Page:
The movie follows Q, someone that works a mundane office job, as he tries to solve the zero theorem, which is a mathematical equation that will prove that life is meaningless.  Q is a damaged individual that takes no joy out of life.  He is an introvert that tries as much as possible to avoid human communication.  He wants to work from home, so that he has even less contact with others.  He unwillingly goes to a party at his supervisor’s house.  There he meets the boss of his company who grants his wish to work from home as long as he will work on the theorem.  At the party he also meets a young and beautiful woman that shows interest in him.

Q spends his days waiting for a phone call that he believes will give him the meaning of his life.  Much of the film deals in symbolism like this.  The phone call represents anything outside of ourselves that we believe will give us the answer to life’s mystery.  The dialog in the film, like the film itself, jumps back and forth between the absurdly comic and of a more philosophical nature.  However, just because the film deals heavily in symbolism, does not mean that the main characters are not three dimensional or that the world is not fully realized.

Visually the film is an absolute masterpiece, both for the cinematography, the realization of the world that the characters in habited, and the sheer amount of ideas that are on the screen.  In Q’s house there is a crucifixion where Jesus’s head is replaced by a camera that watches Q’s every move.  In his office he is working on what looks like an absurd video game with a video game controller replacing the typical office keyboard.  I have worked several office jobs in the last ten years and working on a meaningless video game is not too far from the truth of what a great deal of office work is like.

The colors explode on screen.  Every scene looks like it was carefully orchestrated.  Every nook and cranny of the film looks like it had thought put into it.

The film is like our world, but on steroids.  If the capitalism that runs our country is allowed to continue one can imagine that this is what our world will turn into.  Commercials follow Q down the street as he commutes to work.  The party scene, with its garish colors and cartoonish behavior, looks like a modern nightclub taken to its logical conclusion.  The characters work ridiculous jobs that bring no meaning to their lives.  Terry Gilliam is showing us the absurdity of our world.  He is just pushing things a little further so that the everyday becomes new again.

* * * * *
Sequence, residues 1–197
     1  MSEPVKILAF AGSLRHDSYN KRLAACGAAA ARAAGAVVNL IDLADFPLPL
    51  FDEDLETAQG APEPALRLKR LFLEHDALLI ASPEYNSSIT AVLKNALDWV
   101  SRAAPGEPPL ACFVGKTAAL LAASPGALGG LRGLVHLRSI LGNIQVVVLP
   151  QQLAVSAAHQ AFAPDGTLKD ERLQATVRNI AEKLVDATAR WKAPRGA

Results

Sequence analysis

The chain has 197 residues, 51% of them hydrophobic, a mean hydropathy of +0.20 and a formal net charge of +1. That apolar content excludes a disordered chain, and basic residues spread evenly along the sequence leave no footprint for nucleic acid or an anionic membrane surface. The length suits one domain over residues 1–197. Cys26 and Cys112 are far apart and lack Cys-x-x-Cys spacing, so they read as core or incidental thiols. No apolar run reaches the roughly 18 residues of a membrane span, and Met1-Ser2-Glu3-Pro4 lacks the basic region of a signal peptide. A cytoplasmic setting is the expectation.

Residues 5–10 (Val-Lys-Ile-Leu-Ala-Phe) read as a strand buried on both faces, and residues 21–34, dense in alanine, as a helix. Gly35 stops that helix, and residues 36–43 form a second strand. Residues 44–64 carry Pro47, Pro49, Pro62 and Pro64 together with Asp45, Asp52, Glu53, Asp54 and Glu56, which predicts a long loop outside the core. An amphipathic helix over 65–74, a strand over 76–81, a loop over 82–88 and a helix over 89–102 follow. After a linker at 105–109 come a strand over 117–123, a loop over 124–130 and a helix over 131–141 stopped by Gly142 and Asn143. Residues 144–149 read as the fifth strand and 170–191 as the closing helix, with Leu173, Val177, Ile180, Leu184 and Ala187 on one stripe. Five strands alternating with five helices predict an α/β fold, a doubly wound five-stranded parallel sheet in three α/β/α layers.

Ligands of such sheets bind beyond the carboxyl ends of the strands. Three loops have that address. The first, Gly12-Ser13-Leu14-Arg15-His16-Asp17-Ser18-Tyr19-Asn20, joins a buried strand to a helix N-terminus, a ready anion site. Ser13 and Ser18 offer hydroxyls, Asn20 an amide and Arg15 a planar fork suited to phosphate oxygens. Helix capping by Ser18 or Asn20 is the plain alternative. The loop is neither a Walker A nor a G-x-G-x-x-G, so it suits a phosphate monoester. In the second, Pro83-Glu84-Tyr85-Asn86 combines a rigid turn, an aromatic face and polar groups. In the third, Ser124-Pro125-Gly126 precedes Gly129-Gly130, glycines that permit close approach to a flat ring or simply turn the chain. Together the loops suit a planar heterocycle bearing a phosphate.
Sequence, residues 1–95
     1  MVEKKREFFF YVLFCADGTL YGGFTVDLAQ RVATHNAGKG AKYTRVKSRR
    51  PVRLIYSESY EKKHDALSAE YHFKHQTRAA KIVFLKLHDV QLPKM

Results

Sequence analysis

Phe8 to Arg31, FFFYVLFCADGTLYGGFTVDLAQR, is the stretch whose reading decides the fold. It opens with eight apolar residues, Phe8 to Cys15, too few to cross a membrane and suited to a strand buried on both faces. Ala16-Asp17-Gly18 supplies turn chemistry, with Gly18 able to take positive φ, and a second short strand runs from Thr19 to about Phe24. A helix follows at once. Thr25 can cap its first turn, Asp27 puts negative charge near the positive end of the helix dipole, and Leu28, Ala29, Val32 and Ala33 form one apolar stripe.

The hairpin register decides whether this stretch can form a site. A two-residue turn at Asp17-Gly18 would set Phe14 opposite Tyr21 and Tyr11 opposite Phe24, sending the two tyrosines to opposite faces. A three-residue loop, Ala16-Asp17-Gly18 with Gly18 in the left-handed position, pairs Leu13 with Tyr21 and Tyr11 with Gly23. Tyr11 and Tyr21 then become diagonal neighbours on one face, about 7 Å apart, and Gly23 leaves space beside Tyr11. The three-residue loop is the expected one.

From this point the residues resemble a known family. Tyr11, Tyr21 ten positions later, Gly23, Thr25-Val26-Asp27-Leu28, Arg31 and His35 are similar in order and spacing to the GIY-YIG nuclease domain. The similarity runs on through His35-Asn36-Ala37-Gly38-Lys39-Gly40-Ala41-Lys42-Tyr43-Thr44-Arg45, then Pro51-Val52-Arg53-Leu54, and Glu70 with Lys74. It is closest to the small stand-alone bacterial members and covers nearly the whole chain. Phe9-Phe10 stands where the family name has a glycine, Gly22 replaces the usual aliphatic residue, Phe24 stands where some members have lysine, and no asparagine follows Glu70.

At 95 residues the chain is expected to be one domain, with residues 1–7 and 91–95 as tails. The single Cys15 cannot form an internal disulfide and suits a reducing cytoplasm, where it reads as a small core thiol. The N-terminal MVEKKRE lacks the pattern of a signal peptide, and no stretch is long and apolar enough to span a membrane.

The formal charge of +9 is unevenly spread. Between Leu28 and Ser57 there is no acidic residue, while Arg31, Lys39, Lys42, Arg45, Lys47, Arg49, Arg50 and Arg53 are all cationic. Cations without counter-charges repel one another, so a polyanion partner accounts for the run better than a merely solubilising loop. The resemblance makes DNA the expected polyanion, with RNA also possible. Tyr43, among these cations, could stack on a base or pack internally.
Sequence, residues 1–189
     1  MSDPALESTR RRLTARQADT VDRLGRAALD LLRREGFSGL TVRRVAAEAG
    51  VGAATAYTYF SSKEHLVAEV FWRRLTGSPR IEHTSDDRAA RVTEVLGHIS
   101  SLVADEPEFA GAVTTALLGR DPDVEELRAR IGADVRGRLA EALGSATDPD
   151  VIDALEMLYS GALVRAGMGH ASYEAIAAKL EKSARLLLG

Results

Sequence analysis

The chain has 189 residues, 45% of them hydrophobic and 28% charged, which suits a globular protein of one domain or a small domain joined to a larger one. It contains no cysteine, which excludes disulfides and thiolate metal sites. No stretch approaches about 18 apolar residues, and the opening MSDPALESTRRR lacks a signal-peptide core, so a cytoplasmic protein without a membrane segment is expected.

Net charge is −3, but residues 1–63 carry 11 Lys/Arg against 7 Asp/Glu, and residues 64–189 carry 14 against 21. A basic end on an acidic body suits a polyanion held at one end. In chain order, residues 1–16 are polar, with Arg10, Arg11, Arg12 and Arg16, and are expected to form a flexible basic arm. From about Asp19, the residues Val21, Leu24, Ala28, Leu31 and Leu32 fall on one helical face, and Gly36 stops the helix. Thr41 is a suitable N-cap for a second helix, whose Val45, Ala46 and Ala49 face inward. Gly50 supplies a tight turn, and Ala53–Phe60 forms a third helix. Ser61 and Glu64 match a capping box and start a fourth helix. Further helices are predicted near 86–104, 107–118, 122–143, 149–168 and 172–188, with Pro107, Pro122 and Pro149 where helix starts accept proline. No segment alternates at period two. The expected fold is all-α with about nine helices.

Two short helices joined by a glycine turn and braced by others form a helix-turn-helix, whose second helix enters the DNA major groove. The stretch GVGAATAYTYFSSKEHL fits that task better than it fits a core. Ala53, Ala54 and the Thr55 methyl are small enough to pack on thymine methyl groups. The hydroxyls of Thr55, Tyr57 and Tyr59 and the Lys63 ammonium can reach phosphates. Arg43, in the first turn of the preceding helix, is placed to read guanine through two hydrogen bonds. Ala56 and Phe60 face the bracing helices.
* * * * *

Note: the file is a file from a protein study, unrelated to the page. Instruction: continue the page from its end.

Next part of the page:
Even though this film is very subversive, it is not without heart.  I don’t want to spoil the ending, but the film is not without some small sliver of hope.  Gilliam knows what is important despite how much we get wrong.

If you are a fan of Gilliam’s work than I highly recommend this film.  if you don’t know any of his work, but are willing to try something that will make you think, then give this film a try.  Some critics have described this film as Gilliam-lite, but I don’t agree.  This is a unique filmmaker operating at the height of his powers.  This is like a modern update of his masterpiece Brazil.   While Brazil dealt with a dreamer in the middle of a  bureaucracy, this movie imagines a future where corporations run everything.

On a personal note I watched this movie the night of the election.  Feeling somewhat depressed I decided to watch something else other then the returns.  It was one of those instances where art makes one feel less alone.  I thought, “Thank god someone understands what is going on.”  Gilliam is a tremendous filmmaker and we are lucky to have him amongst us.  He is one of those rare souls that uses his imagination to paint the world as it truly is.